Fifteen years ago a coalition of school reform activists decided that since control of the schools had just been turned over to local school councils, most of the bureaucrats at the central office could go. They wrote a “Sunrise Statement”–a reference to the new day they saw for public schools–in which they vowed to help eliminate as much of the central office as they could.
The bureaucrats are still there. “It’s about as bad as I’ve ever seen in terms of the central office taking control,” says Sharon Adams, a member of the LSC at the Arthur Ashe school on the far south side. “They keep whittling away at local control, taking away more of our powers, taking more of the control for themselves.”
The LSCs were created by the state legislature in 1988, as part of the first wave of school reform in Chicago. At the time each of the city’s 600 or so schools was put under the control of an elected 11-member council–six parents, two community reps, two teachers, and the principal. They were given unprecedented authority to shape their school’s curriculum, write budgets, and hire new principals.
Mayor Daley went along with the new law, if only because it would have looked bad not to. “Local control was the issue of the day,” says Dion Miller Perez, a member of the LSC at the Finkl grammar school in Little Village. “How can you be against parents getting involved in their children’s education?”
But within a few years Daley made it clear he wanted the system changed. He was tired of having to select board of education members from a list prepared by LSC members. He wasn’t happy that LSC members had used their position to launch independent aldermanic campaigns against incumbents he supported. And he didn’t like the chaos of grassroots democracy–several LSCs had got lost in factional disputes.
In 1995 Daley, supported by a lot of Republicans, persuaded the state legislature to bring back centralized control. This second wave of school reform gave him the authority to name his own board of education and his own management team. He brought in Paul Vallas and Gery Chico, two former City Hall aides, to oversee the system. Vallas became CEO, Chico president of the school board.
The LSCs remained, though Vallas and Chico now had the final say on important matters. In 1996 the two put 109 schools whose children did poorly on standardized tests on academic probation, then turned over control of most of their LSCs’ budget, hiring, and curriculum decisions to the central office. In 2000 Vallas pushed for a bill that would have given the central office authority over principals in all schools, even those with high test scores, but the state legislature didn’t go along.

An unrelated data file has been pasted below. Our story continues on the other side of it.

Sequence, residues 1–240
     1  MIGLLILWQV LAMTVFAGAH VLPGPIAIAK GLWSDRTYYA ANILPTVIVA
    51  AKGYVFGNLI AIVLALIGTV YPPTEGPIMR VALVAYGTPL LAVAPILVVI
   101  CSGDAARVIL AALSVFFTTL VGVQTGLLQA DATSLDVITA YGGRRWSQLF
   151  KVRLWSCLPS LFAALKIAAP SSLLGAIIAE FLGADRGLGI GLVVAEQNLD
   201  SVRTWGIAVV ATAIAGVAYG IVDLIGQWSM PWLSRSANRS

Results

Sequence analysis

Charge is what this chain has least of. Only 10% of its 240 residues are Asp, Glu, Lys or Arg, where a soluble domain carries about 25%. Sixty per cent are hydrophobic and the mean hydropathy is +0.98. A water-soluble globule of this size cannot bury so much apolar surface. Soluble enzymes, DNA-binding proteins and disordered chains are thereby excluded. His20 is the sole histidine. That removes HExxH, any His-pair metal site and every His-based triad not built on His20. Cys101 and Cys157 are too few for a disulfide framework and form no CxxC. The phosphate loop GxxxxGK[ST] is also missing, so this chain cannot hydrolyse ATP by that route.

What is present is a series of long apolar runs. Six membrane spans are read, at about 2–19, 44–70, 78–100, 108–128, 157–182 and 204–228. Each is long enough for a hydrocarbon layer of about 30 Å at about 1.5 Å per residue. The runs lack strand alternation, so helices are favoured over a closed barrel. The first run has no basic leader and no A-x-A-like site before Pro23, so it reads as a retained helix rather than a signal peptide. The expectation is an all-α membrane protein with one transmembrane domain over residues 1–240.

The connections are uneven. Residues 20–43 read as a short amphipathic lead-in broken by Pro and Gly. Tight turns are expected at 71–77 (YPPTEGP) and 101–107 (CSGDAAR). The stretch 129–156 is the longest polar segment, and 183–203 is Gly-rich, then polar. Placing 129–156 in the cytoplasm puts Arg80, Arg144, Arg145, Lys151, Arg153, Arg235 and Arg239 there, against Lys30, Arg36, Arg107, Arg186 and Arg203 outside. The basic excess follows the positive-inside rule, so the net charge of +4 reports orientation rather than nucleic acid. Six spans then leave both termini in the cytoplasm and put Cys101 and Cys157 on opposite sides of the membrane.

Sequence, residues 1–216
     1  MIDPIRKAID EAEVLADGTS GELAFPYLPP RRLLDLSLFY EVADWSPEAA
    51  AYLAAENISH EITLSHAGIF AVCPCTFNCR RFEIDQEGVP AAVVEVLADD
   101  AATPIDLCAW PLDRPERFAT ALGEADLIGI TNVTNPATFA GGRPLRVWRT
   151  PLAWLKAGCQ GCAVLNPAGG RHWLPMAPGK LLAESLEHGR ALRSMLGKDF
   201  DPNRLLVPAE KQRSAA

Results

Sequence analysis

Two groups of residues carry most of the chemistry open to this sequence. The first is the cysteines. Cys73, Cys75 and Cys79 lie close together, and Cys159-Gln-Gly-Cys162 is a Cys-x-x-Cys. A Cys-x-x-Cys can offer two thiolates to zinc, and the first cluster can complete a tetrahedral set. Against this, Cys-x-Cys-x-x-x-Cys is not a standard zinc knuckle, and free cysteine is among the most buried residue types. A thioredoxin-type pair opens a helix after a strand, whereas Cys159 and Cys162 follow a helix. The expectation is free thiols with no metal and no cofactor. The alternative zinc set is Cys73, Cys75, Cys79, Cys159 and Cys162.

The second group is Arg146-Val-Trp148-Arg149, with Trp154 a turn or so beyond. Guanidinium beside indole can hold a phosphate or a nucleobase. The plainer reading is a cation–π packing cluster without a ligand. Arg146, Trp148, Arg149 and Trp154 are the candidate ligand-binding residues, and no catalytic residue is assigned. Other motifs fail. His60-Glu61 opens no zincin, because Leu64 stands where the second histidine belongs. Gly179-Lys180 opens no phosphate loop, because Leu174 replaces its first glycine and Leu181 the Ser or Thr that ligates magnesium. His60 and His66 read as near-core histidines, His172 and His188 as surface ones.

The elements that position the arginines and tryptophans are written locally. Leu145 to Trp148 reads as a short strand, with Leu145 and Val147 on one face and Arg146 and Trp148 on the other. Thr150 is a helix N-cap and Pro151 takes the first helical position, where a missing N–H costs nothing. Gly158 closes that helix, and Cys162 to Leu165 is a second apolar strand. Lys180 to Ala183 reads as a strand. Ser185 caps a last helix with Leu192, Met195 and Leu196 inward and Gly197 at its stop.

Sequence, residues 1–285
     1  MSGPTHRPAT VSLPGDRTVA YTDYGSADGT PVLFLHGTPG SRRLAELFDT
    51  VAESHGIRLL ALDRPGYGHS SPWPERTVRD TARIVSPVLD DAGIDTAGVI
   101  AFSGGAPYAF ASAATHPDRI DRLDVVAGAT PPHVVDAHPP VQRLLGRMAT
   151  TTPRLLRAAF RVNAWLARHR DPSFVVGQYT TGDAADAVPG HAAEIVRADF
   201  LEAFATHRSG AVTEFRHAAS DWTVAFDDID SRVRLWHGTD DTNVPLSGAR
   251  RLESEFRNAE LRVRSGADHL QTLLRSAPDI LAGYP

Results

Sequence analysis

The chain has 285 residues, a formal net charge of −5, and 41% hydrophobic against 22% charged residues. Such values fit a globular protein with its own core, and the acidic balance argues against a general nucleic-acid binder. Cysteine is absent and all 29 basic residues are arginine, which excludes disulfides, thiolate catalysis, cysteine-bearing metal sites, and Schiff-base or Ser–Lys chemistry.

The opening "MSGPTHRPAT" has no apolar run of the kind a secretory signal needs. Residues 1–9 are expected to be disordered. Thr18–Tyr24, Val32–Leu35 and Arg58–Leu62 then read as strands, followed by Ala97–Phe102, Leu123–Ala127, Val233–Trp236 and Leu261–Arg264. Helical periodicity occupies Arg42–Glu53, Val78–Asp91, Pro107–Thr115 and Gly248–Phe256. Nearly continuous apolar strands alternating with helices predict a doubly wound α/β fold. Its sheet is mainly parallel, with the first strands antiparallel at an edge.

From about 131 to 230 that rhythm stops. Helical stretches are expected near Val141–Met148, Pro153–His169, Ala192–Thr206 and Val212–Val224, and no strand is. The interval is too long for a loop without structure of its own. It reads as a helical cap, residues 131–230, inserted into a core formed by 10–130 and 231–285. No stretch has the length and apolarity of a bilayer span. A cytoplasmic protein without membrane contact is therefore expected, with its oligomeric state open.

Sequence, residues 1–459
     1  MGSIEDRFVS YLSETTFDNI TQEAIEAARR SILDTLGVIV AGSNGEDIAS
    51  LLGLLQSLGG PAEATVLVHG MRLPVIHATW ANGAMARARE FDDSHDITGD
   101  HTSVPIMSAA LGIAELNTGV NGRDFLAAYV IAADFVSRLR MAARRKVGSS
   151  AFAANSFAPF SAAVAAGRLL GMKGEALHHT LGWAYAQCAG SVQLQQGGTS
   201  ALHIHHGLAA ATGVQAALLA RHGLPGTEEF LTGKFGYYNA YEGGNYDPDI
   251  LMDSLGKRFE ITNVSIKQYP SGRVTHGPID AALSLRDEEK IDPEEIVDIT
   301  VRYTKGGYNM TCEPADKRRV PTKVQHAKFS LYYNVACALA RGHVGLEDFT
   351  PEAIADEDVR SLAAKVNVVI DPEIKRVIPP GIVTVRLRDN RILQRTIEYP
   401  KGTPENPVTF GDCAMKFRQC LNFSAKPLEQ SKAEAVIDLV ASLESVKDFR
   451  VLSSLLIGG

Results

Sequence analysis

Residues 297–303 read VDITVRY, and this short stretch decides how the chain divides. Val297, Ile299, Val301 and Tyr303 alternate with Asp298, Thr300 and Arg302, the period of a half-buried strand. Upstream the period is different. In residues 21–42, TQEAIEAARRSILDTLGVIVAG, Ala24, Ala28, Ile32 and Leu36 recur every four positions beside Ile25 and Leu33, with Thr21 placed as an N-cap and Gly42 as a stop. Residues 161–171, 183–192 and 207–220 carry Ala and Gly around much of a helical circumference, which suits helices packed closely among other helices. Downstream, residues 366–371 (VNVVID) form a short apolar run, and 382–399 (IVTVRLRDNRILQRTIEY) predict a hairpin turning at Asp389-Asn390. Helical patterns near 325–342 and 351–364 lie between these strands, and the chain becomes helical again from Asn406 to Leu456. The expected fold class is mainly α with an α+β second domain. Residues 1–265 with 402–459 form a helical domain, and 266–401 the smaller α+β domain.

By 2001 Vallas and Chico were openly battling with many LSC members, one reason Daley ushered the pair out. Their replacements–CEO Arne Duncan and board president Michael Scott–have been much smoother. “They said the right things–or they did,” says Julie Woestehoff, executive director of Parents United for Responsible Education (PURE), a citywide coalition of LSC members.
In the past few months Duncan has been quietly shifting power from the LSCs to the central office. For instance, in February the board made it harder for underachieving schools to stay off probation. Under the new policy, any grammar school where 40 percent or less of the students score at or above the national average will go on probation; the old figure was 25 percent. In high schools, where the cutoff used to be 15 percent, it’s now 30 percent. As a consequence, nearly half of the schools in the system could go on probation in the next few months–and once they’re on probation, their LSCs will lose much of the control they’ve had.
Duncan has further undermined the power of LSCs by allowing charter and small schools to be set up without them. He contends that the new schools aren’t covered by the original school reform law; PURE members and other reformers insist that they are. Moreover, he’s allowed small schools that still want LSCs to ignore some of the rules that ordinarily govern them, such as the requirement that LSC members live in the school district.
Curiously, that rule is still being enforced in other schools by the wing of the central office that monitors LSCs. Sharon Adams has been on Ashe’s LSC for nearly eight years. “I have never missed a regular meeting,” she says, “and I take very seriously my commitment to this position, even though it’s unpaid and I have no children in the school.” Yet last October she got a call from an investigator with the central office telling her that the board had received an anonymous letter challenging her right to sit on the LSC. The letter writer stated, “It is my belief that for several years Ms. Adams has falsified information in regards to her legal address and phone number in order to hold and maintain a Community Representative seat on the Ashe Local School Council.”